Someone was feeding eagles yesterday. I don’t know if it was my idiotic neighbor who thinks it is his god given right to feed wildlife, or if it was accidental feeding from an offload of a fishing boat. Or if someone cleaned out their freezer. But someone was feeding the eagles yesterday. This led to at least 3 hours of thumps on the roof, fights and squabbles over both food and advantageous perching, and eagles whizzing down the street at about head height. And I’m not talking three or four eagles. I am talking about seventy-five. Very irritating…and dangerous.
My friend Zoya, who is a crazed walker and runner, called just as I was getting ready to take my husband some lunch at work. The wind was muffling her voice so I knew she was outside. She says “I am out at Priest Rock (I know she means Little Priest Rock) and there are so many seals sitting on the rocks, about 12 of them. I’ve never seen so many together and they are so big.” I verify that they are seals and not sea lions. “Oh no, they are seals and they are so fat. You should come take some pictures.” (And you have to read this with an Armenian accent, by the way.)
By the time I got out there after going all the way over to airport to drop off lunch, they had decreased in numbers to about 9. But they were so roly poly fat. And all different colors. Just basking away the afternoon in the winter sun; sharing space with Emperor geese who were grazing in the near shore waters.
There is nothing better than being able to drive out Summer Bay road in January. Typically we are unable to drive it past November due to snow and avalanches.
And there is nothing better than living in a place where a spur of the moment phone call from a friend equals basking harbor seals…
…and feasting fowl.
The bald eagle is Alaska’s largest resident bird of prey. It can have a wing span of up to 7 ½ feet and weighs in between 8 and 14 pounds. Females are typically larger than male eagles. In the early part of the 1900’s, some Alaskan residents thought that bald eagles were competing with humans for salmon. A bounty was put on eagles from 1917 to 1953. A payment between $.50 and $2.00 was given for every pair of bald eagle talons that were turned in to the Alaska territorial government. Records show that the territorial government paid for 128,000 pairs of bald eagle talons during these years. Although the bald eagle population was never at peril in Alaska, precipitous declines were seen in both the reproduction and populations of bald eagles in the lower 48 states. After the banning of the pesticide DDT in 1972, populations began to slowly recover and it is no longer considered endangered or threatened.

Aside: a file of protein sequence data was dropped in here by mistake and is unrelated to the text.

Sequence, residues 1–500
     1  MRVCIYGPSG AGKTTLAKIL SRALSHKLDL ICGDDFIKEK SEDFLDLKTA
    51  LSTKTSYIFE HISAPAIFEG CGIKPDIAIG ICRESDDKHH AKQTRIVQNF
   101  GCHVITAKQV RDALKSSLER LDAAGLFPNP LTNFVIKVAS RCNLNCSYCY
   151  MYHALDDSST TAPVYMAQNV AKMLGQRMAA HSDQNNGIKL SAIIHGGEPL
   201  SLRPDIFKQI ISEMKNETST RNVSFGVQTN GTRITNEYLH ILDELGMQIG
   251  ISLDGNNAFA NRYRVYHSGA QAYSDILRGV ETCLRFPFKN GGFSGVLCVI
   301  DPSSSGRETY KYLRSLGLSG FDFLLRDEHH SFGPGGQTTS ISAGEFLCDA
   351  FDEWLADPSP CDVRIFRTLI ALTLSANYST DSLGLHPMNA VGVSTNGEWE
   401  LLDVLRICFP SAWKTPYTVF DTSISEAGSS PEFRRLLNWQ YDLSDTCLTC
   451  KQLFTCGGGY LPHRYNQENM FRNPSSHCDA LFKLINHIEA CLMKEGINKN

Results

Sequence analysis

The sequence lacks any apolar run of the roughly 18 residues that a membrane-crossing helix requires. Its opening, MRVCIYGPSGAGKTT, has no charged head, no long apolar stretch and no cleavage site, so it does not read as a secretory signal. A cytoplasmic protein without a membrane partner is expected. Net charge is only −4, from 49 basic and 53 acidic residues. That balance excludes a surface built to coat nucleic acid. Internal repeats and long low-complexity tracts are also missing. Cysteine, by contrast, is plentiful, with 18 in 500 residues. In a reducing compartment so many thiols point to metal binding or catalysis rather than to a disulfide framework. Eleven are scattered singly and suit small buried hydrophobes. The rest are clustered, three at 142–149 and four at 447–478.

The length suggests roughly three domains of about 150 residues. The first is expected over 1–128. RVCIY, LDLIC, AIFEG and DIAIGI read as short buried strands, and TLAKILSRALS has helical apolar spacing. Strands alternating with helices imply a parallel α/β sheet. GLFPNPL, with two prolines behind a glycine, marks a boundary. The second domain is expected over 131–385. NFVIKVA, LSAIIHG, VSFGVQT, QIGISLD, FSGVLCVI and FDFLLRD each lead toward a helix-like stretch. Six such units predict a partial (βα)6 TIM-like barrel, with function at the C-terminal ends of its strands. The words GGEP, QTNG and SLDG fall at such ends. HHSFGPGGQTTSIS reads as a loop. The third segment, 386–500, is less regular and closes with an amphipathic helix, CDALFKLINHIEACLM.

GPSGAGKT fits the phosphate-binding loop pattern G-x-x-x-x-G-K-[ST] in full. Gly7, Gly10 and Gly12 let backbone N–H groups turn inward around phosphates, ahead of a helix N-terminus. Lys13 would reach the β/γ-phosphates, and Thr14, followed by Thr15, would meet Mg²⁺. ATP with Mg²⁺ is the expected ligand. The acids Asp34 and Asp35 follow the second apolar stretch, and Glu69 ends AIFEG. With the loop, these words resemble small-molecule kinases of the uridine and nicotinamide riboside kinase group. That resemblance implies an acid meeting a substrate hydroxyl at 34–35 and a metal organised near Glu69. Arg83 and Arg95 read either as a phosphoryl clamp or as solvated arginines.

In Unalaska we have no shortage of bald eagles. In fact, they are so common that we did not even pay any attention to them until tourists started gracing our shores. It became apparent that our ‘common’ was their delight. Tourists are adamant about getting their pictures of bald eagles. You’ll see tourists standing in the middle of the road taking a shot. They come into your yard with their cameras at the ready. They scramble up steep, rocky slopes to get better composition in their shot. When I think about the eagle pictures I have taken over the last 30 years, I can pretty much say that I have taken probably 10 to 15 pictures of eagles that were not accidental pictures. By accidental, I mean that I took a picture and an eagle happened to accidentally end up in it because they are just all over the place.
But there seems to be no getting around the fact that we have a plethora of eagles. With our growing population we have also had eagle incidents where we have had eagle attacks on the heads of humans who have inadvertently wandered too close to eagle nests. Unfortunately this “wandering” is simply walking down the sidewalk that happens to be next to a cliff where an eagle has built its’ nest. So we teach our children to give eagles a wide berth, though it can be difficult at times when they just come walking across your lawn.
It’s a little difficult to ignore them when your mother inadvertently dumps the guts from cleaning fish within 50 feet of where you are tending the fish net.
They line the roof when you are out basking in the Aleutian sunshine.
They sit on the school roof and play in the playground. Sorry kids, no recess today.
They are on every light pole. You learn to give the area around the poles a wide berth. And you certainly make note of which way the eagle is positioned so as not to be given a poop bath.
They don’t care if the pole is already taken. They will share.
Even if it gets crowded.
They are in the grass…
They perch on rocks…
They find a perch on all types of industrial equipment.
So having lived all but 22 years of my life among eagles, nothing should surprise me. Boy was I wrong about that. I went to the landfill today. It is always heavily populated by eagles and ravens. No big deal. I backed up to the facility, got out and got one heavy bag of garbage out of my car and one very light bag of garbage. I had the heavy one in my left hand, and the light one in my right hand. When I was within about 3 feet of the residential dumpster, I saw a blur of motion that turned out to be an eagle, with claws extended, coming straight for my face. I whipped that light garbage bag up in the nick of time and smacked that eagle away from me. If it had been the heavy bag in that hand, I never would have gotten it up in time. And if I did, I probably would have done some damage to the eagle. As it was, no feathers were lost, and just the landfill employee and I had heart attacks. I can’t believe how lucky I was. And I actually am having a hard time believing that my reaction time, my reflexes, and my total ninja-ness were so incredible. I saved myself. I’m my own hero today.